The economics of water
The economics of water
James Clingman says that it would be great to see our doctors, psychologists, attorneys, scientists, engineers, and technical personnel lend their talents to help in Flint, Mich., like we do in other countries.
By James Clingman, NNPA News Wire Columnist
“Water, water, everywhere, and not a drop to drink.”
— Rime of the Ancient Mariner, by Samuel Taylor Coleridge.
I can hear the backroom discussion now: “We can save money if we stop taking our drinking water from Lake Huron and start using water from the Flint River instead.” Those may not be the exact words, but the leaders of Flint, Mich., including the two recent Emergency Managers, City Council, the EPA, and the governor, have caused a catastrophe.
Money is the common theme among the perpetrators in Flint; it is always lurking in the shadows of the many problems facing Black and poor people. Now, in a city that is approximately 60 percent Black and has a 40 percent-plus poverty rate, money trumps life again. Money trumps the long-term effects on more than 8,000 children, many of whom will grow up suffering from the physical, cognitive, and emotional illnesses caused by lead poisoning. As one person said, “Everybody in the city has been poisoned, everybody.”
Sophia A. McClennen (Salon.com) wrote, “The story of Flint is the story of what happens when profits are more important than people. What Michael Moore captured in [Roger and Me] was a clear prelude to what is happening [in Flint] today. First, Flint residents lost their jobs. Twenty-five years later they have lost their water and their health. There are ten dead… from Legionnaire’s disease in Flint and countless others with serious illnesses from contaminated water.”
Politicians are playing games with this emergency, and trying to garner votes from it. Remember Rahm Emmanuel’s quote? “You never let a serious crisis go to waste. And what I mean by that is it’s an opportunity to do things you think you could not do before.” Where is the “opportunity” in this crisis? Was the slow response to this crisis really just an opportunity to get more money?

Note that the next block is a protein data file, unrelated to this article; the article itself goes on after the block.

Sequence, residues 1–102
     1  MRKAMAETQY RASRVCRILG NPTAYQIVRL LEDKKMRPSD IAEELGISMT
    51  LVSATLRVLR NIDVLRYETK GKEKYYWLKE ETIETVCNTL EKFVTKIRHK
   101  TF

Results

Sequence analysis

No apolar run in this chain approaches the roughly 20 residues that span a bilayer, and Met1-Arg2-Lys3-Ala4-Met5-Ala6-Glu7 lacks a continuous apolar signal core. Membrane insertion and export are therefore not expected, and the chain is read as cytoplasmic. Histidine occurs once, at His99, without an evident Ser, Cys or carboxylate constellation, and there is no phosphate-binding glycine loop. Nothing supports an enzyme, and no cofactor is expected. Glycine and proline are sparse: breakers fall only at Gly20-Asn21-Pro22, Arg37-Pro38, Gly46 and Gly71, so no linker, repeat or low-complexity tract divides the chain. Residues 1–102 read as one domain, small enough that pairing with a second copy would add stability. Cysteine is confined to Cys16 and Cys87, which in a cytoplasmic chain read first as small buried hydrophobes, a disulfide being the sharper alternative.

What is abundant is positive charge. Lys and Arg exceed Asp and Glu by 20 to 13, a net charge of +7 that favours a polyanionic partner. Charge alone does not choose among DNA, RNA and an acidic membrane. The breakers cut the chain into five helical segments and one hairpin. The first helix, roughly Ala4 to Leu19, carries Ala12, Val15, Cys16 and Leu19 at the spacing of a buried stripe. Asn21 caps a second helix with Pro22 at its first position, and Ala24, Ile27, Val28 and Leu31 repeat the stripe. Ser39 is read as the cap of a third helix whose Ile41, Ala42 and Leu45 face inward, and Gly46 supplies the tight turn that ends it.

This is far from being about what party is in charge. Some folks are blaming the Republican Governor and some are blaming the city council, on which the Democrats hold a seven-one majority. But so what? The damage is done; the right question is “Now what?”
Many people have marshalled their forces to assist the people of Flint, first, by bringing water. The Feds have granted a measly five million dollars to help but the POTUS, who went to nearby Detroit but did not go to Flint, denied the request by the governor to declare the situation a “major disaster,” which under law applies to natural disasters and “certain other situations.” Isn’t this a “certain other situation”? Isn’t it just as important as getting water to Katrina victims and providing healthcare for Flint’s citizens?
It would be great to see our doctors, psychologists, attorneys, scientists, engineers, and technical personnel lend their talents to help, like we do in other countries.
In light of this terrible situation, Flint is in need of all the services, assistance, contributions, and prayers that we can muster. By the way, so are the folks in Ft. Walton Beach, Fla., where the citizens are suffering from all sorts of diseases and untimely deaths, because of the still lingering effects of the BP oil spill. Earnest McBride of the Jackson Advocate has covered this story.
The lawsuits will come and the money from the taxpayers’ coffers will flow, money that could have been used to prevent the problem in the first place. The long-term health ramifications of lead poisoning are irreversible but manageable if the funds to do so are available. The State of Michigan, as it deals with myriad financial issues, will now have to pay billions for its neglect and lack of concern for poor people.
Beginning with Idlewild in 1912, Michigan has had issues with Black/white relationships, social/environmental justice, and economic progress, which provides a context from which to view Michigan’s current predicament, Detroit and its recent economic woes notwithstanding.
In Benton Harbor, with a 90 percent Black population, Edward Pinkney was imprisoned for fighting for social and economic justice, another example of money trumping what is right. The NAACP abandoned brother Pinkney and opted, by its silence and lack of advocacy on his behalf, chose the path of least resistance, and who knows what they received from the Whirlpool Corporation in return for their silence? Once again, as it has throughout the nation, the NAACP manipulated the local election to get rid of Pinkney as president. He went to prison and Whirlpool got an NAACP award.
Three of the five great lakes, Michigan, Huron, and Erie, virtually surround Michigan. For folks in Flint to have to drink water from the Flint River in order to save money is reprehensible. “Water, water, everywhere, and not a drop to drink.” To all of you “Civil Rights” advocates: What could be a greater “civil right” than having clean water to drink?